See how Aquila owners make gut strings

Here’s a video visit to the small Italian workshop where the Aquila folks (of Nylgut fame) show you how they make gut strings. At the end you’ll see a garage full of Nylgut.

The video is part of the Ukulele Safari, in which uke players Bosko and Honey film ukulele players around the world. I want to be Bosko & Honey.

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5 Responses to “See how Aquila owners make gut strings”


  1. 1 Bumpditty April 1, 2009 at 2:31 am

    Thanks for the informative video. Thats some process :)

    So that bag he had in the beginning was sausage wrappers? I always thought nylgut was synthetic.

  2. 2 bill April 1, 2009 at 6:59 am

    That is so interesting-what an amazing process! What do vegetarian ukelele players use? Answers on a postcard please-and it is April fools day today!mmmmmmmmmm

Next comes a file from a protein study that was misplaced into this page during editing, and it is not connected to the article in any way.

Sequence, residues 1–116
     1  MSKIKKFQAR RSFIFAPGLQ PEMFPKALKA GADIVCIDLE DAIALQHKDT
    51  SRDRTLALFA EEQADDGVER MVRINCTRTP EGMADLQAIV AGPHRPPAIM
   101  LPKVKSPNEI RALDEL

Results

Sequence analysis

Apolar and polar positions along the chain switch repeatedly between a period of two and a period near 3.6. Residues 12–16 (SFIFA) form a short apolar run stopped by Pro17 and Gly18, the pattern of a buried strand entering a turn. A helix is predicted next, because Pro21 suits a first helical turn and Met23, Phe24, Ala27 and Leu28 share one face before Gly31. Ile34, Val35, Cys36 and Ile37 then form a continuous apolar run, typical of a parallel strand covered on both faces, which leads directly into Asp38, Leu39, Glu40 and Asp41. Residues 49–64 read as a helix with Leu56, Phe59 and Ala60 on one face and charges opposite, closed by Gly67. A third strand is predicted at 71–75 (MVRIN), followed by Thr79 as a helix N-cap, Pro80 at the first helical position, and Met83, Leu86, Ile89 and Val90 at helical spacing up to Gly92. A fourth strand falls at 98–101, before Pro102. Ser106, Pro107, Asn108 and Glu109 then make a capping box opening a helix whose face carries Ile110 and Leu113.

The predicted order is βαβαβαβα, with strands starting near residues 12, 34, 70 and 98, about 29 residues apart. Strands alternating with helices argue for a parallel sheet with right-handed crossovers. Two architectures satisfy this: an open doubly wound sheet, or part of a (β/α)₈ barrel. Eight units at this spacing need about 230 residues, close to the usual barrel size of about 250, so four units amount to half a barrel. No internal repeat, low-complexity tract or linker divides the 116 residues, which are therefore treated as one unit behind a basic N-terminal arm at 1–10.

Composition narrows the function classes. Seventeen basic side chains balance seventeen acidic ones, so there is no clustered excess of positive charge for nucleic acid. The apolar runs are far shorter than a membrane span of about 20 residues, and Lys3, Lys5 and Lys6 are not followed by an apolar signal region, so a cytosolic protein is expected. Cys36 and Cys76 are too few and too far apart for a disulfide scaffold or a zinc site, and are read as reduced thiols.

3. 3 Cathy April 1, 2009 at 9:09 am

    Bumpditty, I think the bag was sausage wrappers. The video shows how the Aquila people make real gut strings. I think the Nylguts are made somewhere else and stored in the garage.

  4. 4 Charles Crotts April 2, 2009 at 1:53 am

    Just wondering, did you have to change the bridge on your banjo to get the gut strings to fit? I’m thinking of switching but the bridge I have seems a bit snug.

    Thanks in advance.

    Charles

  5. 5 Cathy April 2, 2009 at 9:13 am

    Charles, the strings I’ve tried so far have fit normal bridges, and I haven’t had to change my nut or tailpiece. But they sound best with a light bridge.

    When I first put nylon strings on my banjo, I used a normal bridge, and they fit fine. But they were kind of quiet. Then the banjo’s neck needed a repair, which lowered the action, and I needed a taller bridge. So I researched what kinds of bridges work best for nylon and found this page:

    http://www.banjosessions.com/dec08/Hooks.html

    I ended up getting a tall maple “minstrel style” bridge that has no ebony inset. It’s this bridge:

    http://elderly.com/accessories/items/BA82T.htm

    Now the nylon strings have a lot more volume and “pop.”


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